Defining the small cell market opportunity is a lot more complex than many industry commentators would have people believe, according to Ovum. With the likes of Vodafone already announcing next year’s small cell plans, all signs...
November 14, 2012
Defining the small cell market opportunity is a lot more complex than many industry commentators would have people believe, according to Ovum. With the likes of Vodafone already announcing next year’s small cell plans, all signs point to this market as a growing opportunity for infrastructure vendors, the research firm says.
However, Ovum warns that current assessments ignore key factors, such as deployments using real-estate assets mobile operators aren’t accustomed to and whether the market can support the many vendors pursuing small cell.
In two new small cell reports Ovum explains that although no single definition of the small cell market fits all vendors, defining the market based on small cell applications rather than technology provides the best segmentation.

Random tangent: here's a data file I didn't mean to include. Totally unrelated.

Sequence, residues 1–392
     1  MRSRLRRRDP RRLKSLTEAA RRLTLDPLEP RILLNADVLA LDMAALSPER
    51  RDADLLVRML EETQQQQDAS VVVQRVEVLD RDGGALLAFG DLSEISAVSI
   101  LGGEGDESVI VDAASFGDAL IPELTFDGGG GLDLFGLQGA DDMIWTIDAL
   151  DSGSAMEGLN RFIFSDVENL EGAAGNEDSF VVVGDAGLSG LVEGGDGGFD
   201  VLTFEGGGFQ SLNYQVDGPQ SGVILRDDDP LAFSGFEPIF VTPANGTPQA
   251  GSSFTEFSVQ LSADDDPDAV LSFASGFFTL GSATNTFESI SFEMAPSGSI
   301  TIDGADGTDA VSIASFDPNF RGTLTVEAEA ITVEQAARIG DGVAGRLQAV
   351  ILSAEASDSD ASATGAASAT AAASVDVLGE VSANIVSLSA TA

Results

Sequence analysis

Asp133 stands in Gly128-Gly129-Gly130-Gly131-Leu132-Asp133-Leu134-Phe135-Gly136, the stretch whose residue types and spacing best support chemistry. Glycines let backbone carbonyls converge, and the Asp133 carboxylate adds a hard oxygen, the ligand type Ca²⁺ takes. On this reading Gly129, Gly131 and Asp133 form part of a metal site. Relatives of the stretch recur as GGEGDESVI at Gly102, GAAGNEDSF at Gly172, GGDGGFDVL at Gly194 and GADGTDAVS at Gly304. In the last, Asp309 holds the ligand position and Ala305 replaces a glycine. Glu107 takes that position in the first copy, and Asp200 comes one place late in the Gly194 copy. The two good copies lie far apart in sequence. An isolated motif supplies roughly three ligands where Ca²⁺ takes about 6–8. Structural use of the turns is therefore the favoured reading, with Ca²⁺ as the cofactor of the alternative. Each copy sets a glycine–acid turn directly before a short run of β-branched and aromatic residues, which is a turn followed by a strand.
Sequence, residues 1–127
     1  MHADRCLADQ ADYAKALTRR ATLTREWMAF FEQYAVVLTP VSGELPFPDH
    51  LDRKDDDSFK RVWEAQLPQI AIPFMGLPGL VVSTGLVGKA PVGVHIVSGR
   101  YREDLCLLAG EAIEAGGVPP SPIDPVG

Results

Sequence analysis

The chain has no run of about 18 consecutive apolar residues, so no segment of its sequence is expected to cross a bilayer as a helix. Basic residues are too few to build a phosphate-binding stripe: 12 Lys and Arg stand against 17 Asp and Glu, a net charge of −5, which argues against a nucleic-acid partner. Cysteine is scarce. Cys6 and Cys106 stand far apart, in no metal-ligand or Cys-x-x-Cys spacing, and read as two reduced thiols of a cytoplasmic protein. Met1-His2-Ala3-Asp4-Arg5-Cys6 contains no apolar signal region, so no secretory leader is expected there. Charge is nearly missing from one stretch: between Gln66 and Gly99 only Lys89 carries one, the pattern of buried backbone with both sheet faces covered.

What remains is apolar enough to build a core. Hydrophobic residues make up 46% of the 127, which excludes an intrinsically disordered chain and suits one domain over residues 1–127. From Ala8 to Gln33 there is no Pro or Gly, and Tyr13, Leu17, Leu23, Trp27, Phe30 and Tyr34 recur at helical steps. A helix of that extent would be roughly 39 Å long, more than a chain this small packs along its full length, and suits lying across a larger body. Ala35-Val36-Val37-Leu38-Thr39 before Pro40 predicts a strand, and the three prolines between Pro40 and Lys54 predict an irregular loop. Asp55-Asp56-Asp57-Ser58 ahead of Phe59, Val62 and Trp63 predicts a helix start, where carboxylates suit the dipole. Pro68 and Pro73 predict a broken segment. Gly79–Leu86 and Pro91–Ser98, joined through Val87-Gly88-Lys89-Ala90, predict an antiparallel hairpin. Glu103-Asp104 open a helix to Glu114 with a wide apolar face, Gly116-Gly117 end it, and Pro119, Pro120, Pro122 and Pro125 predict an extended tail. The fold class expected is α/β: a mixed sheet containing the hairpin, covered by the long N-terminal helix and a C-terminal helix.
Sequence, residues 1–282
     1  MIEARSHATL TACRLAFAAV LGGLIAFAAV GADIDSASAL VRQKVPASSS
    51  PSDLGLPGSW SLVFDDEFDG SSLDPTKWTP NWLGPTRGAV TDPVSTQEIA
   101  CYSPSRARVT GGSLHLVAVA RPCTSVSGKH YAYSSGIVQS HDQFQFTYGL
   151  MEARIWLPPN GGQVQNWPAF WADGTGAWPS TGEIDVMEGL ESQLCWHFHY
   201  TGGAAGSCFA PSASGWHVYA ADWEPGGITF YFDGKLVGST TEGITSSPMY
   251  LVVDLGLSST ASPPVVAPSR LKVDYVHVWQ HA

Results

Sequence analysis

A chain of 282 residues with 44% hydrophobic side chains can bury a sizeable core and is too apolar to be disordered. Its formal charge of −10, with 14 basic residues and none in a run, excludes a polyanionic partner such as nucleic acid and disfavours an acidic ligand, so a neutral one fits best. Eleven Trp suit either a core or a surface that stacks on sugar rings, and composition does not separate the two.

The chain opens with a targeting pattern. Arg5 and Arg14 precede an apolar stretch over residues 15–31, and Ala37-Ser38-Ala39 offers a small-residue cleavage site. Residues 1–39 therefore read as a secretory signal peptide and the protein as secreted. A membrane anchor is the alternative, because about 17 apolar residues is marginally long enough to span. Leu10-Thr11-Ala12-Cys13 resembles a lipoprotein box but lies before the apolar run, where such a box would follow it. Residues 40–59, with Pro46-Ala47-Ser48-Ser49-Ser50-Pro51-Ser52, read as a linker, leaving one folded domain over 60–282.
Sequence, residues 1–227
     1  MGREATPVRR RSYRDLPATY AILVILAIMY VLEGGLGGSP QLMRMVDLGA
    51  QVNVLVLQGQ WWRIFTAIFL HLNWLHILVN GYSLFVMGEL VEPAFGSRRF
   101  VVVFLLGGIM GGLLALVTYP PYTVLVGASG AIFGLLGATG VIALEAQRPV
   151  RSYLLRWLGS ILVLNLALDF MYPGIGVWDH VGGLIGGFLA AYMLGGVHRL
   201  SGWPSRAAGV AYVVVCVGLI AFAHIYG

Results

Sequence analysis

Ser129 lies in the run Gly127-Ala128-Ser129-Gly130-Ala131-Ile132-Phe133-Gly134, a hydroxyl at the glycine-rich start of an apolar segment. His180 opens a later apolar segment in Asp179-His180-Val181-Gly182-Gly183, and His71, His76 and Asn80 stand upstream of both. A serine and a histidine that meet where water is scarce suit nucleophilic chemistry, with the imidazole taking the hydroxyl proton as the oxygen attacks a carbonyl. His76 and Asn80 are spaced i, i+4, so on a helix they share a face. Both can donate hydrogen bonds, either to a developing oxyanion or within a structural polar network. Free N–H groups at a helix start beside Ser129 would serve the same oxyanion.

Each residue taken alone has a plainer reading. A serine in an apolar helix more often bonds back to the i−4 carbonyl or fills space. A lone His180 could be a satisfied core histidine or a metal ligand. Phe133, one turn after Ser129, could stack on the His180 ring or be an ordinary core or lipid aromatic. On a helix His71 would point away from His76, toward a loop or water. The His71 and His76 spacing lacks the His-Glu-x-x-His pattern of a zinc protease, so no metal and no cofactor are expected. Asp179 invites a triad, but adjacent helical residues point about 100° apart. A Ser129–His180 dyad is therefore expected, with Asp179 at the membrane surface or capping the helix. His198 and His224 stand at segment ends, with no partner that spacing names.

Ovum also insists that Wi-Fi should be considered a small cell as infrastructure vendors are starting to incorporate Wi-Fi support into their overall heterogeneous network (HetNet) strategies. This interest will see carrier Wi-Fi gear shipments grow by 84% in 2012 and continue double-digit growth to 2017, it says.
“The majority of interest in the small cell market today is surrounding the capacity gains of small cells being deployed in a heterogeneous network (HetNet),” said Daryl Schoolar, principal analyst in Ovum’s Network Infrastructure Telecoms team. “The reasons for this are very clear: as mobile traffic continues to grow, the economics of deploying more macrocells to meet this traffic growth do not add up long term. Small cells promise to provide much-needed capacity injections at a lower cost.”
Further information is available at www.ovum.com.